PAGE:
LaFleur said it's worthwhile to compare Palo Alto's success in encouraging Gunn High School students to bike with the number of bicyclists at Mountain View High School, as both schools are tucked away at the edge of their respective cities and require riding on similar roads. Over 696 Gunn students reportedly rode their bikes to school on a single day in October last year, while 171 bikes were counted at Mountain View High on August 28 this year, said Assistant Principal Donna Peltz in an email. Gunn had similar numbers over a decade ago, recording 180 students on bikes in 1999.
"I live within a couple tenths of a mile from two schools," LaFleur said. "A lot of the kids who go to those schools have to cross those roads" where cars go over 35 miles per hour. "So almost every parent feels that it's only safe if they drive their kids to school, which results in more traffic."
Low income residents need a boost
After the death of William Ware, a pedestrian at a bus stop who was killed this year by a car speeding down California, resident Jarrett Mullen called for the narrowing California Street from four lanes to three to allow wider bike lanes and to slow traffic.
"If you see cars barreling by at 50 to 60 miles per hour when the speed limit is 35, that has an impact on your well-being," said Mullen, leader of the Rengstorff Great Streets Initiative, which aims to make streets near Rengstorff Park safer and more pleasant for the many residents there without cars. "If you feel unsafe, you are going to feel stressed, you are going to feel marginalized. There is large number of people interested in riding but they don't feel safe, so they don't."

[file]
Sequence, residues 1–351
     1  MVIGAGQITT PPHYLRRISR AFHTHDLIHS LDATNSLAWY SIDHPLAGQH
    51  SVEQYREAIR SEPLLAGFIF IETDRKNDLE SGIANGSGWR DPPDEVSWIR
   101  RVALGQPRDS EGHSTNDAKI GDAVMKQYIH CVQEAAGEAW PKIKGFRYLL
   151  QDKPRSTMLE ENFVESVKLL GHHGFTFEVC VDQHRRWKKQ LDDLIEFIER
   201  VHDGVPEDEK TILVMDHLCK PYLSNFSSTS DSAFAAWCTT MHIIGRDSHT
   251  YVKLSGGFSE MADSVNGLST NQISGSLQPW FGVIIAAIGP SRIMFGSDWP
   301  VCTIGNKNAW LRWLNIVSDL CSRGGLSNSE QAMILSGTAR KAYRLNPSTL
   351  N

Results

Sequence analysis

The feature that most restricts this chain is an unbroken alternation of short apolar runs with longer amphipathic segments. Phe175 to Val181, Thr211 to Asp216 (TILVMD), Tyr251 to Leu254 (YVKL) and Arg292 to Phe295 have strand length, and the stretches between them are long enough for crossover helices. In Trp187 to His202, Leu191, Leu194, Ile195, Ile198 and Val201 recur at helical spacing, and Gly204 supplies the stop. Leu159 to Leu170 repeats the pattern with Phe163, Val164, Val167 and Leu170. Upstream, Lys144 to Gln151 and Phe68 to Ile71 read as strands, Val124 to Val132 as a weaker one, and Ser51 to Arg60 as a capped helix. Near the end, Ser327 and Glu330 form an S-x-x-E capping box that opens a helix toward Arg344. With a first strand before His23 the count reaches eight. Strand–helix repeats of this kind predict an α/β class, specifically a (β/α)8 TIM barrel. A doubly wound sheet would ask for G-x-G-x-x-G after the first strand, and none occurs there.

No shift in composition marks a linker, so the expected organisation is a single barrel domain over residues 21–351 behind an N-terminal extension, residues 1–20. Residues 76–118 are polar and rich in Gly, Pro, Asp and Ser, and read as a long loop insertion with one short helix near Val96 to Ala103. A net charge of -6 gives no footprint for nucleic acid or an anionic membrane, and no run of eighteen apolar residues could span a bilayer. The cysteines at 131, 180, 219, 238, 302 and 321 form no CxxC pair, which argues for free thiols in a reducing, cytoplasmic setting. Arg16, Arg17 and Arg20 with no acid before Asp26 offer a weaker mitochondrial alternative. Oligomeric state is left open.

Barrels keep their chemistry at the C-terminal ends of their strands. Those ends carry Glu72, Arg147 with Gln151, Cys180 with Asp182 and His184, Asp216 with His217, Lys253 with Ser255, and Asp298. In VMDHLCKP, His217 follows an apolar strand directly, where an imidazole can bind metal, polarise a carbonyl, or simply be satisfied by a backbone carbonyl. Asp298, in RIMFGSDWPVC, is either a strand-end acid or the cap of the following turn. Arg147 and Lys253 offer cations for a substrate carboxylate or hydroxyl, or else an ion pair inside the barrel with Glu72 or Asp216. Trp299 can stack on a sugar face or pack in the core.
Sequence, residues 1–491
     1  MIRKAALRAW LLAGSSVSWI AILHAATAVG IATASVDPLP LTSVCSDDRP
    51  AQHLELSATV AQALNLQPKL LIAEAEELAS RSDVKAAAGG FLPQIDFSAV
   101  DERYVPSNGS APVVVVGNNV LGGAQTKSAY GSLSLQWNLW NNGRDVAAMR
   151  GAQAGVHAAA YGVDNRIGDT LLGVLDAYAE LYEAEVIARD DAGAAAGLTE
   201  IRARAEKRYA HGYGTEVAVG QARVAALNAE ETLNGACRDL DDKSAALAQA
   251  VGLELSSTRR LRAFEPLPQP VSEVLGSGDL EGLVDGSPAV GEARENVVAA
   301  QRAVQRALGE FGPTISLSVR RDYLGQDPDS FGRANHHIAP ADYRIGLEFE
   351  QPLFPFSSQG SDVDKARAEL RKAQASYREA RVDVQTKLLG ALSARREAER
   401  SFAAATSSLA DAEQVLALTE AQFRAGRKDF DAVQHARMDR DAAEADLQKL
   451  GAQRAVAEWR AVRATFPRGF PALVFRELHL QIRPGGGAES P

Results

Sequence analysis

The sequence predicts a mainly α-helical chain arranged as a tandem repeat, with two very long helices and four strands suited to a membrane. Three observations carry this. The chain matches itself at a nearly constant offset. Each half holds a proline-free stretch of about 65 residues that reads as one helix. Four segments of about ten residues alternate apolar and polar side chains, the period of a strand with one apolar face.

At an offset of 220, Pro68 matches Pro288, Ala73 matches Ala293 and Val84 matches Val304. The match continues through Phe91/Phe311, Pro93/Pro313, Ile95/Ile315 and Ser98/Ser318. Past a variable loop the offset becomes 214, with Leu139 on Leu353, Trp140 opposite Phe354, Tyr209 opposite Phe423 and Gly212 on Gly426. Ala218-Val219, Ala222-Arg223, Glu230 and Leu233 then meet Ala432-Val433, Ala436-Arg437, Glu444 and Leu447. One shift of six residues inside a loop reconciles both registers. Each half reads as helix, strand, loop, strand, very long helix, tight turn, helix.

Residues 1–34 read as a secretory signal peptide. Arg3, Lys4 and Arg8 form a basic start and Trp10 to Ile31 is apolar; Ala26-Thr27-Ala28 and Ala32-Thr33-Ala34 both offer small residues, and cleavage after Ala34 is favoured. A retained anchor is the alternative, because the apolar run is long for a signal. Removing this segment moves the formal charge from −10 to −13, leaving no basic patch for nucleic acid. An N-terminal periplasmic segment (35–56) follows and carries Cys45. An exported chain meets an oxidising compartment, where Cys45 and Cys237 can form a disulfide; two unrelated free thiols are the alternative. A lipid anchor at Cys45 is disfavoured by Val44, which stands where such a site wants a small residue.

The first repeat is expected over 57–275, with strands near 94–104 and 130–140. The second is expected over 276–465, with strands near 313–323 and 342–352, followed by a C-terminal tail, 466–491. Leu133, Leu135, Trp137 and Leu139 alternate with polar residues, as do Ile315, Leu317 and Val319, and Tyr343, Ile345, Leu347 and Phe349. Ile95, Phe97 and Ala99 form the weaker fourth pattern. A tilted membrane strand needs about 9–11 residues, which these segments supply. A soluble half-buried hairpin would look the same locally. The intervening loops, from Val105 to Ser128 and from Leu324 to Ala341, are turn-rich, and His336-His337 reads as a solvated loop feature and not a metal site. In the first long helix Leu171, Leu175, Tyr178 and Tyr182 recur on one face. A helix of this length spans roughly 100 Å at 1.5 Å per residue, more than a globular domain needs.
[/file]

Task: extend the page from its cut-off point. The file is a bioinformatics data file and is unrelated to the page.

Cordero said he agreed that the Rengstorff area is "pretty under-served." "When you build good bike infrastructure, such as buffered bike lanes, people feel safer," Cordero said. "And ultimately, I think it really improves the community."
San Jose is a good example of a city "systematically" improving its bike network, Cordero said.
"I work in downtown San Jose and the transformation there has been amazing." Cordero said, referring to 6 miles of new "extra-buffer bike lanes" there, including some that create a protected bike lane between parked cars and the curb.
Cordero also points to the Shoreline Boulevard overpass over Highway 101 as another dangerous place for cyclists, and says a brightly-painted bike lane where speeding cars cross paths with cyclists to get on and off the freeway would be a big help.
"I would invite the City Council members to do that ride themselves," Cordero said of that section of Shoreline he uses to get to Gold's Gym, and which numerous Google employees might also bike if it were safer. "Then they might feel more motivated to find a solution. Maybe we should start doing rides around Mountain View with City Council members."
Phillips had similar comments.
"It's like nobody has gone along my route of travel and said, 'How can you get safely down this street?'" Phillips said.
Phillips said one her pet peeves is garbage cans left in bike lanes, which can cause a danger for her and her son when she has to ride around them.
"I feel like the city is focused on cars and not on bicyclists or pedestrians, which is a shame," Phillips said. "I find so many place are easily bike-able, even with a small kid. The distances aren't huge. It's the logistics, like crossing El Camino Real."